Management Of Your Investment Portfolio

When you make your investment in real estate, it is implied that you want to make money. The cash can come from direct income from the property or from capital gains from a sale after an increase in value. Either way, the investment must be managed, considered, and watched at all times. If the owner and manager are taking care of business, there may be ways to increase the income, and the value. There is always the possibility to make a sale for the right price and terms. Keeping aware of the market might bring an opportunity to make a tax-deferred exchange into a property with more benefits for the owner.
Real estate investors often own various kinds of properties. They may have a mix of commercial, residential income, land and groups of houses. These owners have an extensive portfolio of investment real estate.
Owners of portfolios of stocks and bonds meet with or call their broker often. Like seeing a doctor or dentist at regular intervals, it makes sense for real estate investors also to meet with their real estate investment representative or counselor at least a couple of times a year, perhaps quarterly. Exchanging ideas with the professional who has the daily pulse of the real estate market can be profitable. At each meeting, the investor can plan on finding out the current market conditions that will have an effect on equities that are now owned or that could be acquired.
In many cases, the owner’s investment representative is also the property manager. If not, perhaps the property manager should also be present at these meetings at least once a year.
Make Notes Before And During Meeting
Planning any professional meeting in advance will make it more productive. To keep any business meeting on track and save everyone time, notes should be made in advance by the property portfolio owner or the real estate investment specialist. The following are some examples of questions or subjects that might be discussed at each meeting; or some at least once a year:
1. In what ways can the management of my properties be improved? Can any current expenses be decreased?
2. How do our rent levels compare with the others in the immediate area?
3. Have there been collection problems–are all rents current at this time?
4. Is the current maintenance of the properties up to the best standards?
5. Has the planning department approved any zoning variances in the areas of my properties? Would it enhance the value of any property of mine to apply for a change in zoning?
6. Have any new construction projects been started nearby? What are they and what effect might they have on my properties or rents in the area?
7. Is the present use of my properties the highest and best use?
8. What improvements could be made that would increase the income?
9. Are we attracting the kind of tenants that should be in this type of property? Would anyone else be more desirable?
10. Are any properties of the type we own on the market at this time in this immediate area? What is the price and how is that price justified? Has there been any buyer interest in it at that price? Should we consider adding it to my portfolio of properties? If so, how can we acquire it, either by cash purchase or exchange?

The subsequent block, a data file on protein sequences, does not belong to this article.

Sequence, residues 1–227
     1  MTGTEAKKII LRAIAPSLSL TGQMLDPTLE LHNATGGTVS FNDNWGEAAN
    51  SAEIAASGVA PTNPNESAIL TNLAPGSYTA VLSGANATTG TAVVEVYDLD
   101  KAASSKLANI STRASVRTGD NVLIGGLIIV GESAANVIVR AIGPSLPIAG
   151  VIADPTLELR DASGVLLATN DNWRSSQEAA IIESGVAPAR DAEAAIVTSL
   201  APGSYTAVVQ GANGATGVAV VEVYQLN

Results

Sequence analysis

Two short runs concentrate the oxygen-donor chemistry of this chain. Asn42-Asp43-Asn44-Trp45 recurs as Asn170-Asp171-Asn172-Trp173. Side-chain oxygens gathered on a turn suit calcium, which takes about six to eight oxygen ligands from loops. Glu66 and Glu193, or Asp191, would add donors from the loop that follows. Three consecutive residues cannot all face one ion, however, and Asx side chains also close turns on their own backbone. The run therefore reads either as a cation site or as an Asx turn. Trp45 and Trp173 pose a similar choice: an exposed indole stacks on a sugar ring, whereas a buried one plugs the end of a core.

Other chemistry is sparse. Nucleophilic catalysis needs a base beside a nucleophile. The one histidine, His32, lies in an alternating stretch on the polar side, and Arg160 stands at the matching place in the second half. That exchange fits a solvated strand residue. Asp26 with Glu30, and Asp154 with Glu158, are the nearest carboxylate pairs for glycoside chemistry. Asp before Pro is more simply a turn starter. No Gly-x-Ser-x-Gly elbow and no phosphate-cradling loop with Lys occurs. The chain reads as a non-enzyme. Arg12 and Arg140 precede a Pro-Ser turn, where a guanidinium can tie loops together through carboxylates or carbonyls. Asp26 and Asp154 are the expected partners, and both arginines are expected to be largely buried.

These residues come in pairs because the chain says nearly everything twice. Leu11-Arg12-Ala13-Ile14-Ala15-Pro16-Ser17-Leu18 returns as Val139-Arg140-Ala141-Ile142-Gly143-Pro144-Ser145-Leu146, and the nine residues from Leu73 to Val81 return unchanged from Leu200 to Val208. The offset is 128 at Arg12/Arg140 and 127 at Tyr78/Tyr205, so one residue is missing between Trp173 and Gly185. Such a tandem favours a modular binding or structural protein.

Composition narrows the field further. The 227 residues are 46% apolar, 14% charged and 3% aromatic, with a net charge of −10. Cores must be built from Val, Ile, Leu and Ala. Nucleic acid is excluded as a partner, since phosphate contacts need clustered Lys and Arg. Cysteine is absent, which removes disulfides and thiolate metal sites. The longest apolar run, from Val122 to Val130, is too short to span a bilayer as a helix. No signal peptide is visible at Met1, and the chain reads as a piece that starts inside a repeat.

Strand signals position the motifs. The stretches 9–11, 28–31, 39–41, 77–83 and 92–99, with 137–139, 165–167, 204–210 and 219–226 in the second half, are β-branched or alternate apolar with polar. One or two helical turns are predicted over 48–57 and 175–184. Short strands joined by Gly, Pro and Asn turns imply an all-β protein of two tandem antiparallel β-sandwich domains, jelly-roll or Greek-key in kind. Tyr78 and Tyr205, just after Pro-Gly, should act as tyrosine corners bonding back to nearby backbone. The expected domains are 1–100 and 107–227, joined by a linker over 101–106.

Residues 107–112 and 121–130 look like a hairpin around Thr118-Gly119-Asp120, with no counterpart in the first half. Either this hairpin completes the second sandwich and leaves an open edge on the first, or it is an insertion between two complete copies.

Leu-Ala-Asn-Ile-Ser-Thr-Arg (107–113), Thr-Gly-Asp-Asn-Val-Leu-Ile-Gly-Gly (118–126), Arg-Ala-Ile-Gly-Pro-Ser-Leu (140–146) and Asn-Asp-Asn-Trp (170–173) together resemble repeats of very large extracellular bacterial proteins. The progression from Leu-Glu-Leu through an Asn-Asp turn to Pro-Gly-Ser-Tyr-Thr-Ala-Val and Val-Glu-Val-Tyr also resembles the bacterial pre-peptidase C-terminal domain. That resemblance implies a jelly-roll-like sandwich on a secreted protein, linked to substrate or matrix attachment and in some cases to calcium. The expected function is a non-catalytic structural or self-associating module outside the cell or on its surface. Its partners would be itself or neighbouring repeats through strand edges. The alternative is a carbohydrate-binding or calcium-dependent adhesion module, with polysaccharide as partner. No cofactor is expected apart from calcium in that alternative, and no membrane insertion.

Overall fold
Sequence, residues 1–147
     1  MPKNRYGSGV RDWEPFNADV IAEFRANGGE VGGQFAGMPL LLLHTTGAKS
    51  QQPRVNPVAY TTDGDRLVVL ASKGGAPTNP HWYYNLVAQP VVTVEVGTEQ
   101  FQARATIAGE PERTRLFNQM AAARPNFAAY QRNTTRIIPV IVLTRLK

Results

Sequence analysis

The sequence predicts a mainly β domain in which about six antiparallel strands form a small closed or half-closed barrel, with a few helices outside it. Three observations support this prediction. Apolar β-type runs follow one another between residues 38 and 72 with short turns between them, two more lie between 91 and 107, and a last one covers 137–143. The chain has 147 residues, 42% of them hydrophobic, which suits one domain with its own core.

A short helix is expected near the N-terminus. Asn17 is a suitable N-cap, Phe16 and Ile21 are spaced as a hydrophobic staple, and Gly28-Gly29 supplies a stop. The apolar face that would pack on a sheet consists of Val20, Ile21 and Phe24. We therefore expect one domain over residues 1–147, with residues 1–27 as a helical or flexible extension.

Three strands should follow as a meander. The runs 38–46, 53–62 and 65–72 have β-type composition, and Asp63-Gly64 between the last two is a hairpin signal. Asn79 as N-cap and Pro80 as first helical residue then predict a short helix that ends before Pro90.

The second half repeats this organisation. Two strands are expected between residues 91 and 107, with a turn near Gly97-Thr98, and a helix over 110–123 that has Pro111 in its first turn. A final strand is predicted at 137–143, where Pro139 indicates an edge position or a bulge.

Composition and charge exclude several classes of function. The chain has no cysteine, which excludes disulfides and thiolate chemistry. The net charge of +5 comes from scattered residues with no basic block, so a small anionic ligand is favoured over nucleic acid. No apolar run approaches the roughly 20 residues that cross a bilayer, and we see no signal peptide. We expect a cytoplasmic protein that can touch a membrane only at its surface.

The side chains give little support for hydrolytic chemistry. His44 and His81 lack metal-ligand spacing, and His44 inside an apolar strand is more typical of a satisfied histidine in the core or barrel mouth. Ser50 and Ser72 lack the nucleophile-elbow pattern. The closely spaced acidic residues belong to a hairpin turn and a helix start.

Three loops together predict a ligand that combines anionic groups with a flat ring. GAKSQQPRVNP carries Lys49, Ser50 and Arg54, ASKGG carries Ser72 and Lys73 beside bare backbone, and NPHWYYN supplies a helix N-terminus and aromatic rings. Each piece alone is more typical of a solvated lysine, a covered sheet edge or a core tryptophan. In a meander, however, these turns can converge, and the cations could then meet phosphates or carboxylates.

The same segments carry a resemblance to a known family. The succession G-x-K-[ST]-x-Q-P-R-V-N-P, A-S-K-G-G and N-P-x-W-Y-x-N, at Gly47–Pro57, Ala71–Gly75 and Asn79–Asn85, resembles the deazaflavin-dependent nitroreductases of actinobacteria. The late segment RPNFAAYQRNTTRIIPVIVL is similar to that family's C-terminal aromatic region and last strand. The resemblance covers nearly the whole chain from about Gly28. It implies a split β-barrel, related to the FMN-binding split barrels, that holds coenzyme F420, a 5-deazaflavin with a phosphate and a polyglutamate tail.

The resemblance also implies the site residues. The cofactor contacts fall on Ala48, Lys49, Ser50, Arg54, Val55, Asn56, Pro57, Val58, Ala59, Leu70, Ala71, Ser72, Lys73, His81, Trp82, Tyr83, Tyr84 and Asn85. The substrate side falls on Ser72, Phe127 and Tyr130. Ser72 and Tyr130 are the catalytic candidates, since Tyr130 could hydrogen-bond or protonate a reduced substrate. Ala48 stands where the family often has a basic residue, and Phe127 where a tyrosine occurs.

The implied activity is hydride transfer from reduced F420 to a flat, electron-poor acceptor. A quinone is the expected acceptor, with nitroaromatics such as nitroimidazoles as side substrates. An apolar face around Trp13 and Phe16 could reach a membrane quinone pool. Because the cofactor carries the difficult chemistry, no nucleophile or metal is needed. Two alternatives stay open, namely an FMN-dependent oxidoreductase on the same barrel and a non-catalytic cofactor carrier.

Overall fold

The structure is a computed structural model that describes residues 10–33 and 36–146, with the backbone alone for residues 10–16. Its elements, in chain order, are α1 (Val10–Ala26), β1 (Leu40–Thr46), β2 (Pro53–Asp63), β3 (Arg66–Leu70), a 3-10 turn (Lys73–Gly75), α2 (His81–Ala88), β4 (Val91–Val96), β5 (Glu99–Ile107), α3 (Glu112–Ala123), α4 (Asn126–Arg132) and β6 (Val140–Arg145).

11. Is my leverage position in all properties at its maximum potential? Would there be any benefit in a refinance of any of my properties at this time?
12. Are any properties in this portfolio suitable for a condo or co-op conversion? If so, should we do the conversion or sell the property to an expert in that field?
13. Can we offer any property for syndication? How would we handle it?
14. Which of my properties has the best set of benefits for me? Which has the least benefits?
15. Which of the properties in the portfolio would be the most desirable to dispose of at this time?
Setting Those Goals
When each of the points in the meeting have been covered, both the property owner and his/her representatives should have a much better picture of the property portfolio and what should be accomplished. At this time, maybe each property owned should be graded in order of the most desirable to the least desirable to continue holding. Then the answer to item #15 will be apparent.
This can now give the final result of the meeting. This also can be the “bottom line” and the reason for the meeting. The goal should be set for the sale or exchange of the least productive property (to this owner) in the list of real estate owned. This might be the property of the highest potential to someone else, but of less interest to this owner because of the increase in value already shown by current estimates of worth or appraisal. This result is very satisfying since the “weak” property is identified and the goal is set to use its equity to acquire a certain type of real estate that will fit better into this owner’s portfolio.
This gives a result for the owner that is seldom achieved by most investment real estate owners. At all times, there is a definite effort being made by a top real estate professional to improve the owner’s position.
The problem of a taxable gain from that property need not be a consideration to this owner. The broker, working with the property owner’s attorney and accountant can arrange to defer that tax by setting up a tax-deferred exchange into a more productive property.